“On my first day in prison, in 1995, I was fighting a mental and emotional battle…“
Written By: Tyrone Toliver
So many find it hard to show love, compassion, and support for a man or a woman who is incarcerated. This is especially true of family, who often say one of the following things, to themselves or to their incarcerated family member:
You weren’t raised to break the law or hang around anyone who is a criminal.
I do not have enough time to spend it on a person who is incarcerated.
You broke the law, you do your time. You did not want to be out here with us; if you had, you would not have committed the crime or put yourself in the predicament that got you there in the first place.
What family members who say these things do not see is the underlying fact that no matter what, the person who is incarcerated is still family.
In my situation, I was taught how to commit crimes and do drugs by my own family. Gang-banging allowed me to make a name for myself, while providing security and protection for them.
But as my journey behind bars began at age 10, I realized that my family did not appreciate my sacrifices. I believed that because writing letters to me, accepting my collect phone calls, and sending me a money order once a month was too much for them to do. So, as a juvenile delinquent, I carried hatred, anger, and animosity inside me—not for my enemies or for authority, but for my very own family.
This hatred was something I had never talked to anyone about. As a result, I entered prison in Tracy, California (AKA “gladiator school”) at 18 years old (1995) and all I wanted to do was hurt someone else.
My journey behind bars continued at 16 years old. My family thought that I would do all that I possibly could to come home. To this very day, I don’t know where they could have gotten such a ludicrous idea. (As a mature, rehabilitated man today, I’m afraid to ask them.)
You see, they never gave me a reason to seek recovery, rehabilitation or help change my way of thinking through education. Speed up to 2012, and for the first time in my life, I heard about coping skills, toxic environments, arrested development, self-help, and cultural conditioning. These are phrases that I had never heard before! I soon learned that they meant changing and improving yourself. There was no way for anyone in my family to think that I’d do anything to come home soon after learning any of that. It’s 2020, and they are still doing the same things I was taught in 1981 at 5 years old.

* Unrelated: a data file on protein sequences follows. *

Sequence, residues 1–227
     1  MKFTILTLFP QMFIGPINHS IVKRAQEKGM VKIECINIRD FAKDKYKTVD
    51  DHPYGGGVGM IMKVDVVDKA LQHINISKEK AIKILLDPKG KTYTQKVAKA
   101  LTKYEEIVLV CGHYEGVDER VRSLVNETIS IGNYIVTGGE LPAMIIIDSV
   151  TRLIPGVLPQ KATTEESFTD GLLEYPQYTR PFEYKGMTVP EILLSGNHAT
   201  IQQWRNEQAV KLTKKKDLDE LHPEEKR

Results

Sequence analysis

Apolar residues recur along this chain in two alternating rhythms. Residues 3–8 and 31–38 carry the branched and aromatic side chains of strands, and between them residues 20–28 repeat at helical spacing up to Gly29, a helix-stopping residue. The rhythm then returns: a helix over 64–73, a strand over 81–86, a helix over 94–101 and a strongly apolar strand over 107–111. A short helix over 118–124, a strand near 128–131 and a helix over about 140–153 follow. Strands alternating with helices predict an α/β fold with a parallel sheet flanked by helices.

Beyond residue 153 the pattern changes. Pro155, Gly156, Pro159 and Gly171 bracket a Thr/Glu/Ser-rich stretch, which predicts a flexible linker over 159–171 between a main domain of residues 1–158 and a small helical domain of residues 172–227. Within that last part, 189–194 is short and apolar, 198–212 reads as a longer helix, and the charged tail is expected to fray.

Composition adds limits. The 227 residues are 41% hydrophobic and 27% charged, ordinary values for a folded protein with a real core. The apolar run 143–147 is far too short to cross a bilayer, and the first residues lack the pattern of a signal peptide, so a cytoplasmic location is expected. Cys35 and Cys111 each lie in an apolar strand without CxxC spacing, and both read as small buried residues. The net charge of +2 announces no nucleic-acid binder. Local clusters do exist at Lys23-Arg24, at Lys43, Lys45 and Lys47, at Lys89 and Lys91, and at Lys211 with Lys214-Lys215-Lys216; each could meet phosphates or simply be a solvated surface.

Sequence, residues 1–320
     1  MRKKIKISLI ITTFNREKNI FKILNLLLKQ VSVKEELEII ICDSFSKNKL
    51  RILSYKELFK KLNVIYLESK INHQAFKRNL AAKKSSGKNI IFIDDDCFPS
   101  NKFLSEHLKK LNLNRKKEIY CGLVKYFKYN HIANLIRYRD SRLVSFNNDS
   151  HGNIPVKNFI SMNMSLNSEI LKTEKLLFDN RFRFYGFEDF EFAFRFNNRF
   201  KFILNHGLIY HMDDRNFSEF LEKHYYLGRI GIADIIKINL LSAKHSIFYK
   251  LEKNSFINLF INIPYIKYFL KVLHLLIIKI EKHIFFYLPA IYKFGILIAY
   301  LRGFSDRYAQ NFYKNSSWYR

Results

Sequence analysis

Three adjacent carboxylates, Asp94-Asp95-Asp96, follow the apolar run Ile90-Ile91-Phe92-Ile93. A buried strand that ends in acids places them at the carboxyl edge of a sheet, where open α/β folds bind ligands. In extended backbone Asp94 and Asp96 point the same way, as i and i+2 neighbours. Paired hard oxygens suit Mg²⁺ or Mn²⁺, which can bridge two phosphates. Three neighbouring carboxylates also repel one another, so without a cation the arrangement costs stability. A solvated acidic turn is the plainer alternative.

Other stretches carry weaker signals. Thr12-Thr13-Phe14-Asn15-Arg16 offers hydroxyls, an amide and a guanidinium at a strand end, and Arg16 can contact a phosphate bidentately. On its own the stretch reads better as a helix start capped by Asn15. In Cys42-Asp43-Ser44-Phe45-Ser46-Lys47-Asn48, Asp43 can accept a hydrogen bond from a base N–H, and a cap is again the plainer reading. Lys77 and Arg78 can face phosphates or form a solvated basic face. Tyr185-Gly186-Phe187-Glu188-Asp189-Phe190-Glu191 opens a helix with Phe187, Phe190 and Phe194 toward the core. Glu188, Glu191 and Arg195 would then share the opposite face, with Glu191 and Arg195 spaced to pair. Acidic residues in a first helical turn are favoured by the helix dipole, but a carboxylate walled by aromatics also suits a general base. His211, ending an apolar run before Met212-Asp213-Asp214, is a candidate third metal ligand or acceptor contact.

On my first day in prison, in 1995, I was fighting a mental and emotional battle. I thought I could only win if I hurt myself or someone else. First, I hurt myself and that didn’t work. Then, I hurt someone else and that didn’t heal me either. Once the smoke cleared, I was being transferred to Pelican Bay State Prison, California, for assault with a deadly weapon. I had become the animal everyone said I was. I was no longer Tyrone Lee Toliver. I had become Inmate Toliver #H93393 AKA Lil No-Name Dog at the worst prison in California. I lived off other weak and afraid inmates because I received no visits, no letters, and no phone calls. I actually thought and felt that I had nothing to live for, so I was merely existing to die.
“I was back in the same building at Pelican Bay and forcing a guy to give me back my old cell. Things felt normal.”
Then, I was thrown a curve ball. I won my court battle for assault on an inmate with a weapon. I would be paroling in a month. How? I wondered. I thought it was a joke until I remembered that I didn’t actually have a life sentence; it just felt like it. My original sentence was 5 years. Now, I was even more angry and I didn’t even know why. As I left in September 1996, I told them to keep my bed warm.
A few months later, December 1996, I was back. By the following September, I was in the same building at Pelican Bay and forcing a guy to give me back my old cell. Things felt normal. I felt loved, supported, peaceful, and slightly happy. By now, I was better at hiding my animosity, hatred, and anger…
Ready for Part 2 of Tyrone Toliver’s Journey Behind Bars? Click here.